Archive for September 2018

Artist Penny Metcalf works from her kitchen in Sydney. Photo: Michele MossopWhen Martin Frawley’s band Twerps got a brief but favourable write-up in the Night Life section of The New Yorker in March – the Melbourne quartet being praised for its “upbeat, carefree sound” and “excellent vocal melodies” – his mum Penelope was understandably proud.
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A month later, she has herself joined the pantheon, with her comic-strip recaps of the final season of Mad Men – illustrated by her, with dialogue by American writer Heather Havrilesky – being published on The New Yorker website.

“I so wanted to be able to say to him, ‘Hey guess what … ‘,” Metcalf says. “Because we have this joke that I’m just trying to get on his bandwagon.”

The strip was born when Metcalf, a painter with a Masters degree from the Victorian College of the Arts, visited the US earlier this month. In Los Angeles, she caught up with her “very sassy” writer friend Havrilesky, an occasional contributor to The New Yorker’s humour page, Shouts & Murmurs.

Havrilesky raised the idea of doing something on Mad Men; she suggested Metcalf try her hand at some character sketches; she shopped the idea around and, soon enough, The New Yorker bit. The first two strips – each recapping one episode – debuted on Tuesday.

For Metcalf, who sketches the panels by hand in the kitchen of her Sydney home before reworking them on an app on her iPad, it was a leap into the unknown.

“Heather wanted line sketches originally and that’s not really what I do,” says Metcalf, who is more used to painting domestic landscapes (towers of cups and jugs jostling for cupboard space) and suburban architecture (1960s streetscapes that suggest a mash-up of Howard Arkley and Edward Hopper). “In the end I just said, ‘I’ll do these beautiful portraits and you can be as disrespectful as you like with the text’.”

Her Don Draper is, she says, “as dumb as a thumb, and he’s shaped a bit like a thumb – it’s a thumbnail sketch”. She’s slowly building a library of characters – each picture takes eight to 10 hours to create – and may do a few variations – Roger with and without moustache, for example, Stan with and without beard, a glamorous Megan and Megan “in her Lady of the Canyon mode – I keep on thinking they’re going to do a Sharon Tate thing there”.

Of course, there’s every chance we’ve seen the last of Megan, and Metcalf knows that what she creates will be dictated by what happens on the show. Which, incidentally, she is a little ambivalent about.

“All the men in it are utter duds and all the women get completely done over,” she says. “They set up all this stuff and never do anything with it, which is why I don’t mind taking the piss. There’s all this detail without much meat being made of it.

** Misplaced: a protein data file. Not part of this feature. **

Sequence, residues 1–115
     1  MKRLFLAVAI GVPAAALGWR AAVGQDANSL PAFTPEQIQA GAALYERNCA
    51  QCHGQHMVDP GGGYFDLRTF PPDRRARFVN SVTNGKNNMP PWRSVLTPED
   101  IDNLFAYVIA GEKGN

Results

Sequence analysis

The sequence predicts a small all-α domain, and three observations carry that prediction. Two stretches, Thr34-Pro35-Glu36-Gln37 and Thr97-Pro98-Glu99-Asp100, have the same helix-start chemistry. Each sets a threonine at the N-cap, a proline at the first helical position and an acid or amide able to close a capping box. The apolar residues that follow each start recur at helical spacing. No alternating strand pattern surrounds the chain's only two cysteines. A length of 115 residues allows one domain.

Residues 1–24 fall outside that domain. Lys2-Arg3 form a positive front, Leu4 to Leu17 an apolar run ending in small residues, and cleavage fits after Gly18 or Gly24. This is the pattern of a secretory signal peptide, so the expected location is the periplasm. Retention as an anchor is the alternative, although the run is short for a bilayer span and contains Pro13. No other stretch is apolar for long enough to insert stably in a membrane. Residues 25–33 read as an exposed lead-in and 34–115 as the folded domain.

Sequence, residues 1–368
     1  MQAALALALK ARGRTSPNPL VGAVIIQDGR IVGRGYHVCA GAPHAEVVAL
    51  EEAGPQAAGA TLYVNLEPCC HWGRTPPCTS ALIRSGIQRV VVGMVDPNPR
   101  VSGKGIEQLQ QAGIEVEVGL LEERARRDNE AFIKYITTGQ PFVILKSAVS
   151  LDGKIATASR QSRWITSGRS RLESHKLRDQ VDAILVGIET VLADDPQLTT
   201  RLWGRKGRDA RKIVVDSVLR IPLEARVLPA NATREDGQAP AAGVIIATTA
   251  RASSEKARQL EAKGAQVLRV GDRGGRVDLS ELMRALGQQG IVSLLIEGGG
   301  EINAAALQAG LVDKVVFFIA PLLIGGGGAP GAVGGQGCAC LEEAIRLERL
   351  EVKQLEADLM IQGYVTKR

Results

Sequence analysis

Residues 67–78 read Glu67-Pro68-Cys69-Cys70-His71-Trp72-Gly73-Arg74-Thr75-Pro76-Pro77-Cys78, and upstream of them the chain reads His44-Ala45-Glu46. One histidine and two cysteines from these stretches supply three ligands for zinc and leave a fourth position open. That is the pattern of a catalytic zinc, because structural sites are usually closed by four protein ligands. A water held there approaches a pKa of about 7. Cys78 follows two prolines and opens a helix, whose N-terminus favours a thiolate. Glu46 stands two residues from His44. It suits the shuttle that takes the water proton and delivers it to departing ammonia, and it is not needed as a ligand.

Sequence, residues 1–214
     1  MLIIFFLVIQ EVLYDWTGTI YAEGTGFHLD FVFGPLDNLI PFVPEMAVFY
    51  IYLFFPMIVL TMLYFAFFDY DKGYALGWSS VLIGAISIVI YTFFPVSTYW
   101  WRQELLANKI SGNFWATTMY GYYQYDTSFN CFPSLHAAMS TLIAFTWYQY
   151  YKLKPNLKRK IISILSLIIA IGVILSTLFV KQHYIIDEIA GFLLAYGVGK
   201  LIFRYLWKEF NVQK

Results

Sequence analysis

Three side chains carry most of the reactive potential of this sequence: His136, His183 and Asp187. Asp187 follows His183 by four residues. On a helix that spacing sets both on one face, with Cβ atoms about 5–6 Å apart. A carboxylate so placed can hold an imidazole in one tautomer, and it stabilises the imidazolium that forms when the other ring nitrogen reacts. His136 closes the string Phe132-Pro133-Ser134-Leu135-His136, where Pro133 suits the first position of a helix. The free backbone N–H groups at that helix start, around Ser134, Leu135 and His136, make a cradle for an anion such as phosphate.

“They could have done more with the lying you do in advertising versus the lying you do in real life; they could have had more fun with it. It’s a strangely dissatisfying effect the show has.”

Soon enough it will all be over, which is part of the appeal. “I like that it’s finite.”

Havrilesky is already wondering what they may tackle next – “she’s saying ‘what about Game of Thrones?’ but it’s hundreds of characters” – but one show is certainly off-limits.

“I think Parks and Recreation is the most perfect beast there is,” Metcalf says. “You can’t recap that because it’s already so funny. You could only do it as a homage.”

On twitter: @karlkwin

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Better and Homes and Gardens host Johanna Griggs was moved when she visited World War I battlefields. Photo: Channel SevenTelevision presenter Johanna Griggs found herself a world away from fix-me-up houses and flower trends for this week’s episode of Better Homes and Gardens.
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Rather than querying paint choices, Griggs was at the Somme, her mind buzzing with questions like: Who were these boys? How could this waste of life happen? What have we learnt?

After years of dreaming about visiting the battlefields of World War I, Griggs embarked on an emotional journey to France and Germany in the hopes of bringing the forgotten stories home to Australians.

Griggs found herself overwhelmed by the scale of the lives lost and particularly by the ages of those who had died, many of whom were younger than her own two boys.

“You can’t actually fathom it until you see all the crosses,” Griggs says. “You look at these beautiful picturesque fields and they tell you there’s 2600 buried there and you walk up to a wall with the name of 11,000 men who don’t have graves. It’s the scale of it.”

Griggs hosted the show from the French village of Villers-Bretonneux, which Australian Diggers won back from the Germans on April 25 in 1918.